Overview of techniques involved (e.g. 'omics')
2.4. Gene Expression as a Biomarker
DNA sequencing will tell you about the genetic variants that individual persons have. But it is also important to know which genes are being ‘expressed’, or switched on, and how strongly. When genes are expressed, they are first transcribed into mRNA. They are then translated into proteins. See introduction to this section 'Overview of techniques involved'.
mRNA molecules are made up of a single strand of bases (unlike DNA which is a double strand). Levels of mRNA can be measured to give a gene expression signature. The whole set of mRNA molecules in a cell at any one time is sometimes referred to as the transcriptome. Transcriptomics is used to learn more about how genes are turned on in different types of cells.
Gene expression signatures can vary over time and between different tissues and different parts of the body.
For example, a recent study into advanced ovarian cancer has shown that it is possible to separate patients into those who respond well to platinum chemotherapy and those who do not. This is shown by looking at how genes are expressed differently in their tumours.
Platinum chemotherapy has several common serious side effects. If a doctor knows how likely a patient is to respond, it helps the doctor and the patient assess if it is worth risking these side effects.
How gene expression is measured
Microarray technology is used to identify gene expression signatures. mRNA molecules are collected and converted into artificial molecules called ‘complementary DNA’ (cDNA). cDNA is much more stable and easier to work with than mRNA. The cDNA molecules are then put on a glass slide that has thousands of DNA sequences already bound to it. The cDNA will stick if a cDNA sequence matches a bound piece of DNA.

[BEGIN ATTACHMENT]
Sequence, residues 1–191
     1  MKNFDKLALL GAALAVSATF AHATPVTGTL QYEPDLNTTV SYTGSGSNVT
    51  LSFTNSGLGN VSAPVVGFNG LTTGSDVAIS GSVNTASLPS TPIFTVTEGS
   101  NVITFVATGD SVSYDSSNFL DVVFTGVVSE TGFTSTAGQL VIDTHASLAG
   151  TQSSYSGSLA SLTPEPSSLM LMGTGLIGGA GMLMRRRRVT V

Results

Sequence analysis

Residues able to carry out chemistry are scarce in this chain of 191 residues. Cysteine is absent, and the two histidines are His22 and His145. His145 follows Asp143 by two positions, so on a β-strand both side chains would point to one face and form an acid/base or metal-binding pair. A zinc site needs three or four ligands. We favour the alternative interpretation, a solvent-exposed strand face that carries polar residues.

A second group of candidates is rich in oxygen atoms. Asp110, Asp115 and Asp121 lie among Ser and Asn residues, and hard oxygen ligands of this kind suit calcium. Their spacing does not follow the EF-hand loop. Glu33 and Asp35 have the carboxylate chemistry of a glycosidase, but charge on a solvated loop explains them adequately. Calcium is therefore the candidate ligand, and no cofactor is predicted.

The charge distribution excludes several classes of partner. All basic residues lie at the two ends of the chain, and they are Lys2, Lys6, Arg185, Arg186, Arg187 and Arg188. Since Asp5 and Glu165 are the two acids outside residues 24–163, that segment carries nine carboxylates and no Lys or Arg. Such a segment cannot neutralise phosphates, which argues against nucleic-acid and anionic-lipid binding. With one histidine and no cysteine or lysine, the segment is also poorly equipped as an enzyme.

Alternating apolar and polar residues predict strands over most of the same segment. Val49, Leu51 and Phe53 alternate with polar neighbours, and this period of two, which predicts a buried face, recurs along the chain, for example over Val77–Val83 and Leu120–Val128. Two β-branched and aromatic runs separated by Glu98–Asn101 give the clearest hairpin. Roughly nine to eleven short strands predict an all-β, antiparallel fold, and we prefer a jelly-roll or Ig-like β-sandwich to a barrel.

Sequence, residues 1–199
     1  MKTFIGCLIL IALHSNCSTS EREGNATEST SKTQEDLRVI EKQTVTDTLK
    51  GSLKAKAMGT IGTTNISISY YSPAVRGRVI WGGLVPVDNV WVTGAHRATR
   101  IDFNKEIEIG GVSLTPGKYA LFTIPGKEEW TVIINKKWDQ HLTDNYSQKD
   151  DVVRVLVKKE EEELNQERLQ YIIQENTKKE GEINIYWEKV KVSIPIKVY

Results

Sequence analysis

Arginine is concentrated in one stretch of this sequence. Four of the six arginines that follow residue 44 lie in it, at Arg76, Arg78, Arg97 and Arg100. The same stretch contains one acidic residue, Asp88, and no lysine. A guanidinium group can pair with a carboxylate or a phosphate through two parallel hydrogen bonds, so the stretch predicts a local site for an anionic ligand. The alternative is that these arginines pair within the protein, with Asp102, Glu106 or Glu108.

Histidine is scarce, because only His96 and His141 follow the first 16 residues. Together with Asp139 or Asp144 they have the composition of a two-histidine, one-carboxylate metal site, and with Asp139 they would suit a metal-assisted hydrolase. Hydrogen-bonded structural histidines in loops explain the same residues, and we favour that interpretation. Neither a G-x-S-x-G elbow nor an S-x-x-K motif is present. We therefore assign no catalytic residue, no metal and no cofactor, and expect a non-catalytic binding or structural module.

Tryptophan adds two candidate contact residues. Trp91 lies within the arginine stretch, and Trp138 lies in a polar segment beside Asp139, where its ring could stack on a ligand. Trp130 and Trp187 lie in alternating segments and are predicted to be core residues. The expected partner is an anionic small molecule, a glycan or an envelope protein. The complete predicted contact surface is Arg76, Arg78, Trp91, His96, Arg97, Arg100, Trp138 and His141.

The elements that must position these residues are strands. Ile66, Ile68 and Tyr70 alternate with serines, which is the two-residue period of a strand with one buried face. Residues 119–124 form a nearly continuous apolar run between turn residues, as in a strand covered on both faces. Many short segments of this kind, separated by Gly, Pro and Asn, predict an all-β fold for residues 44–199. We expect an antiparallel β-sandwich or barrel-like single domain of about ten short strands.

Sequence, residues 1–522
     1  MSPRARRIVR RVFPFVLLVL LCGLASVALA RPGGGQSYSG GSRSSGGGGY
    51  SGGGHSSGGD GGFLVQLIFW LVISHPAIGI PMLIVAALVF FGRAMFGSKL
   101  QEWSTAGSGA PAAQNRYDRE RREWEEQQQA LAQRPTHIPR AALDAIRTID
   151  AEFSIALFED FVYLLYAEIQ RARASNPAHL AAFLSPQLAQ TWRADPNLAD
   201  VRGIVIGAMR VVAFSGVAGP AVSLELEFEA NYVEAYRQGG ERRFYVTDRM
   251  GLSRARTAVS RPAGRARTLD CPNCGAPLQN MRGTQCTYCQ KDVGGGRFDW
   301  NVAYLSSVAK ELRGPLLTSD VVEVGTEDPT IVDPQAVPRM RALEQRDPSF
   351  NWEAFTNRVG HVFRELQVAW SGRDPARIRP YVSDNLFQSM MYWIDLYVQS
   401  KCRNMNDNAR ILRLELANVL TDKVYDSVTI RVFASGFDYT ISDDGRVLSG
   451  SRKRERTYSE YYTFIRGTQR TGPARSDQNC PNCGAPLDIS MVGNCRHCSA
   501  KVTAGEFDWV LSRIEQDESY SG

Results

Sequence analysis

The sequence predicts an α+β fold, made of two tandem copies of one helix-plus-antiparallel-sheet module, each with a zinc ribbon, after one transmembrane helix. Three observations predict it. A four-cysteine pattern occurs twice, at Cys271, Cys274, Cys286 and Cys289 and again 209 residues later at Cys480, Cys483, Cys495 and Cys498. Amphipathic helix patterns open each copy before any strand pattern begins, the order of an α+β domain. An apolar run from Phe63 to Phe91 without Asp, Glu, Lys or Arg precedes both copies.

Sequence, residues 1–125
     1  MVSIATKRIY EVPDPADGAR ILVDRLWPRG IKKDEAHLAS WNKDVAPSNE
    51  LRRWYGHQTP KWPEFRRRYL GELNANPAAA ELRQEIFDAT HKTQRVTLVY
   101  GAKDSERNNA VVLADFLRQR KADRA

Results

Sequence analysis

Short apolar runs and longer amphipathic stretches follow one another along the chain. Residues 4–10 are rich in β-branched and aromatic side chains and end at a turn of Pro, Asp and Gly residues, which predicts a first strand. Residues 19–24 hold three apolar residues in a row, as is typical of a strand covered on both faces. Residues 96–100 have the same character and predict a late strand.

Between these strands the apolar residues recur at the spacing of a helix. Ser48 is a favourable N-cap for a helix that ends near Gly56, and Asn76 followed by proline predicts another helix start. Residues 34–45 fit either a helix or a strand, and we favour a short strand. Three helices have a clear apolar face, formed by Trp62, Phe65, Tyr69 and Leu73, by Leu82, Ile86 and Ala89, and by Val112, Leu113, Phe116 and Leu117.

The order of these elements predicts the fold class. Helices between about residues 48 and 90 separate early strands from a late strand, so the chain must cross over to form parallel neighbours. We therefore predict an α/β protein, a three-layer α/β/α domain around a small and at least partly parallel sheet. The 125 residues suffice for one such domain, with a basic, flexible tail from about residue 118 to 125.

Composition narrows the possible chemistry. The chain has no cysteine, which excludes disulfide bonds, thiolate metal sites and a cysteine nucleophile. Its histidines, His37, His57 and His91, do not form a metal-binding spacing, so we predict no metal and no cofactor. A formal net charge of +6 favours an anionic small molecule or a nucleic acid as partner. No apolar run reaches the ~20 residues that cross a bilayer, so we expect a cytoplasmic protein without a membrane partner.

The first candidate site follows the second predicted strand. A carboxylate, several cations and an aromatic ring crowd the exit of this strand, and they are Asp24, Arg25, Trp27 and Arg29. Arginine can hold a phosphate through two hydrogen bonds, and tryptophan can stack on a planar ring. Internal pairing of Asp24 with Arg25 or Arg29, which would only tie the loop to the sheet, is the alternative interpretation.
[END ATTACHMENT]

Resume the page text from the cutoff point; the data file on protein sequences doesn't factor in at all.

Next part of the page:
The result is a microarray. This is a pattern of fluorescent (lit up) dots of different colours on the slide. The colours show how strongly different genes in the sample are expressed compared to another sample which is used as a ‘control’. For example, you may compare a cancer cell sample to a normal cell from the same person which would then work as a control. One colour means high levels of expression, while a second colour means low levels. Another will indicate the same level of expression between the sample and control.
Computers are used to measure and analyse the fluorescence pattern.
Gene expression profile
Figure 5: Gene expression profile measured with microarray technology. Taken from http://www.biomedcentral.com/content/pdf/1752-0509-5-161.pdf
NGS technology (described in section 2.2) can also be used to measure mRNA. It is therefore also used in gene expression studies. Compared to microarrays, it is able to detect more subtle changes in gene expression, which might be important in disease processes.